At Aramco Medical Center, there were 80 cases of lymphoma out of 452 cases of cervical lymph node biopsies, with equal incidence of NHL=HL 40 cases for each type with NHL having the higher incidence in adolescent patients [7].

In Asir region, an incidence of 13% of lymphoma was noted in a group of 324 lymph node biopsies from different sites of the patients including the neck [8]. Hanif et al reported an incidence of 14.6% (132) of lymphoma in a collection of 898 lymph node biopsy in the pediatric age group, [9] while others reported 37.9% of lymphoma in adult cases [10]. In other countries, the incidence of lymphoma in cervical lymph node biopsies ranged from 14.2 - 26.1% with higher incidence of non-Hodgkin’s lymphoma than HL [11],[12].

The diagnosis of lymphoma by core needle aspiration under Ultrasound guidance has a success of 89.7% in sub-diagnosing classifying lymphoma and is promising in reducing the need for excisional biopsy in the operating suite [13],[14].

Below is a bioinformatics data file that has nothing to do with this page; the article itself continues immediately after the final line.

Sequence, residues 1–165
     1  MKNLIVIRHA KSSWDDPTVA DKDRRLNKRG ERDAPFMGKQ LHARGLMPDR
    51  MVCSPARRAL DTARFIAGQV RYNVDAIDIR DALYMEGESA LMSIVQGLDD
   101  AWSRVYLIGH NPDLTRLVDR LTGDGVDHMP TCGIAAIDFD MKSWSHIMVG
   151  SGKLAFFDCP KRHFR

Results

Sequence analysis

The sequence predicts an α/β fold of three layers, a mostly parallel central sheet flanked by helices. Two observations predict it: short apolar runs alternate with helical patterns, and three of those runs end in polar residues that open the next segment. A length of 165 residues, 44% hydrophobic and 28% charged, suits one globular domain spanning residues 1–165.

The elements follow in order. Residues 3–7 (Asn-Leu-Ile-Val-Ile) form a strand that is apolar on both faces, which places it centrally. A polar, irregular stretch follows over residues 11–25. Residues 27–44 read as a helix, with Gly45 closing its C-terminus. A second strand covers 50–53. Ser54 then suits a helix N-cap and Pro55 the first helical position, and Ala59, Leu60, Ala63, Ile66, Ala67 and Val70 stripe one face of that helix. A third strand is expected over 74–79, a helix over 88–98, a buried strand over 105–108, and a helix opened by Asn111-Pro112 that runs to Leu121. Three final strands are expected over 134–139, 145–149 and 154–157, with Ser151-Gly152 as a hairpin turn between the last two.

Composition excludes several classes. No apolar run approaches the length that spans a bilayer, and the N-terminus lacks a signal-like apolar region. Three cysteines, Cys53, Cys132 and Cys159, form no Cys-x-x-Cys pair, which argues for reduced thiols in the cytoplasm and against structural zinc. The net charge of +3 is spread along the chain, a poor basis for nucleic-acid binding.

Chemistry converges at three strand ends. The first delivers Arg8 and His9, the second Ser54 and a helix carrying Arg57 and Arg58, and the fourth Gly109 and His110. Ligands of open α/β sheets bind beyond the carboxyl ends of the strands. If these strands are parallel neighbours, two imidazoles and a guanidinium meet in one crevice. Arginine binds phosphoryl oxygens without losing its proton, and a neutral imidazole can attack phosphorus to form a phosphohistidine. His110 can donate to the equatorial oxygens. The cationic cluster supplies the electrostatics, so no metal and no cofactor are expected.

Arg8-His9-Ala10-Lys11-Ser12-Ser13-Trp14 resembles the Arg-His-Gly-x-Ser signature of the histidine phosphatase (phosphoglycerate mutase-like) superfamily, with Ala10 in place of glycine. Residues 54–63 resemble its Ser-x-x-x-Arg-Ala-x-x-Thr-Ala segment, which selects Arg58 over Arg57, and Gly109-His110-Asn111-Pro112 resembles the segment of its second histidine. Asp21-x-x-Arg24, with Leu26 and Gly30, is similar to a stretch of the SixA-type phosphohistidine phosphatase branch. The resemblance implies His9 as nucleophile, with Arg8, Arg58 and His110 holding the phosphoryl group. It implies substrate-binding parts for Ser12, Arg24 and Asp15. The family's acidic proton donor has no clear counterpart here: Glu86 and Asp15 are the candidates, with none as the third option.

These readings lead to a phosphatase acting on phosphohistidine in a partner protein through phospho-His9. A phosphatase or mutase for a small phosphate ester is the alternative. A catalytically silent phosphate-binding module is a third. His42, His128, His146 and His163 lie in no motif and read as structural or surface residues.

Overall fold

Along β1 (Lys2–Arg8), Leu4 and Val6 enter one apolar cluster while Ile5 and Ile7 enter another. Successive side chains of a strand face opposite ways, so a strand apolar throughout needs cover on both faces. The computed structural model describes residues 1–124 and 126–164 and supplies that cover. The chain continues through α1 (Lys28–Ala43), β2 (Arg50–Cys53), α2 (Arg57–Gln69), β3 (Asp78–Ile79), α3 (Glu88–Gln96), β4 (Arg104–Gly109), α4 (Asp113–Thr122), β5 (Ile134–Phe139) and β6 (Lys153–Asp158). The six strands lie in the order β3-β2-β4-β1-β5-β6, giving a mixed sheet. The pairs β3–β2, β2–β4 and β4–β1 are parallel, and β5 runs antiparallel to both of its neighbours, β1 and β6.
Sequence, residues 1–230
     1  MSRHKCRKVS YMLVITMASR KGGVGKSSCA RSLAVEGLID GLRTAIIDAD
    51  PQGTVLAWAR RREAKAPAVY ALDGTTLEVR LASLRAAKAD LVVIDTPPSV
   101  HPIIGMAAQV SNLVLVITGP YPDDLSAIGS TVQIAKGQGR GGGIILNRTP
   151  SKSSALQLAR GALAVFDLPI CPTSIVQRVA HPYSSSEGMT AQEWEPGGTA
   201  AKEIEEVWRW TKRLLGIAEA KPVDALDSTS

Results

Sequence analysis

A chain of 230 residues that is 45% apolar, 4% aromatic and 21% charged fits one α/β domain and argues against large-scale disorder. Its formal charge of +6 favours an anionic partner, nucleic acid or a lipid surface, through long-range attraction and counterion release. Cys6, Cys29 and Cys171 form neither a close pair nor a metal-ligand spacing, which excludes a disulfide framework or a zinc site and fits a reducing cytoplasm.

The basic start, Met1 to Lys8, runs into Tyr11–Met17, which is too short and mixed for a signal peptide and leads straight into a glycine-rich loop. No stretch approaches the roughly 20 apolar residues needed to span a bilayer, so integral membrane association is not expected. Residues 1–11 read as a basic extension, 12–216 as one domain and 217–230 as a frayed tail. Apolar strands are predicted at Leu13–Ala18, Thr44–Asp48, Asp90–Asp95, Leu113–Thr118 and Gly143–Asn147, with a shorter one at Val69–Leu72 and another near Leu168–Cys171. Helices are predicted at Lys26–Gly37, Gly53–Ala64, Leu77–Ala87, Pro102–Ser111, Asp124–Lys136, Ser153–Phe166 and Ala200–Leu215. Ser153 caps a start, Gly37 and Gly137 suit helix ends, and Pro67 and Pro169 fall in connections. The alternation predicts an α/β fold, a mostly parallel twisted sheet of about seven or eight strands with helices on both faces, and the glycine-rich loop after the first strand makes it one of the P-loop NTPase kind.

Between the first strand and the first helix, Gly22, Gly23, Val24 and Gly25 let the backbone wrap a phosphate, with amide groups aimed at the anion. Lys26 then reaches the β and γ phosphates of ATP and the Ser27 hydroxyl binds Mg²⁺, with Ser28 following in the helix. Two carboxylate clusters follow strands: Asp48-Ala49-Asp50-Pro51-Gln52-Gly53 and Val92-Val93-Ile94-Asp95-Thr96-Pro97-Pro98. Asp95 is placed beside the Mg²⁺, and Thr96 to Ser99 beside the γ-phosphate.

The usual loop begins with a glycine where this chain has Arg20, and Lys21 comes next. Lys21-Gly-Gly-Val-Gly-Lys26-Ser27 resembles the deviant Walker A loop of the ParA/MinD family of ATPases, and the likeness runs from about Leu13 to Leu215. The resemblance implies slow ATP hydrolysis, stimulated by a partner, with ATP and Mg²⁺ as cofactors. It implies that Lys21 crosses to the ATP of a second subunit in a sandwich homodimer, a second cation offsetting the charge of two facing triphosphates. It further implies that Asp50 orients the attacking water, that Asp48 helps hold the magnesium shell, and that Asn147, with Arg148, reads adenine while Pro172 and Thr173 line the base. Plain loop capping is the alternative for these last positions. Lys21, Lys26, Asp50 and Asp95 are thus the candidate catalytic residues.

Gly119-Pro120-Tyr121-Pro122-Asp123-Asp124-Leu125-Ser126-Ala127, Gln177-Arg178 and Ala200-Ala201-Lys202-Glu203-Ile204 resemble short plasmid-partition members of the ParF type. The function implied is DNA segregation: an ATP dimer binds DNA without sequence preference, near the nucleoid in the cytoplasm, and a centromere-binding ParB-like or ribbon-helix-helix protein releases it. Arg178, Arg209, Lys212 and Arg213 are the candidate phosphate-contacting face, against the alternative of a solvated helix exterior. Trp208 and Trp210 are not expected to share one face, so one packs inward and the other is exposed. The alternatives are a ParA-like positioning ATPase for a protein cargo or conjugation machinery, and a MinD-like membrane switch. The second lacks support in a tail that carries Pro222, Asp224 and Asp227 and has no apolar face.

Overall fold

Several risk factors mandates biopsy of the lymph node (s) for proper diagnosis including a duration of more than 4 weeks, a size of more 3cm, [14],[15],[16] advanced age and on US or CT scan ill-defined or heterogeneous enhancement of lymph node [17]. Recently, high levels of serum soluble interleukin-2 receptors (SIL-2r) or lactate dehydrogenase have been added to the risk factor. [18]. Because the biopsies were done in a teaching institution there were good number of teaching cases of non-Saudi origin, the incidence in our series is one of the highest in addition to the growth rate of 3.2 - 2.5 % among Saudi and non-Saudi patients [3].


  Conclusion Top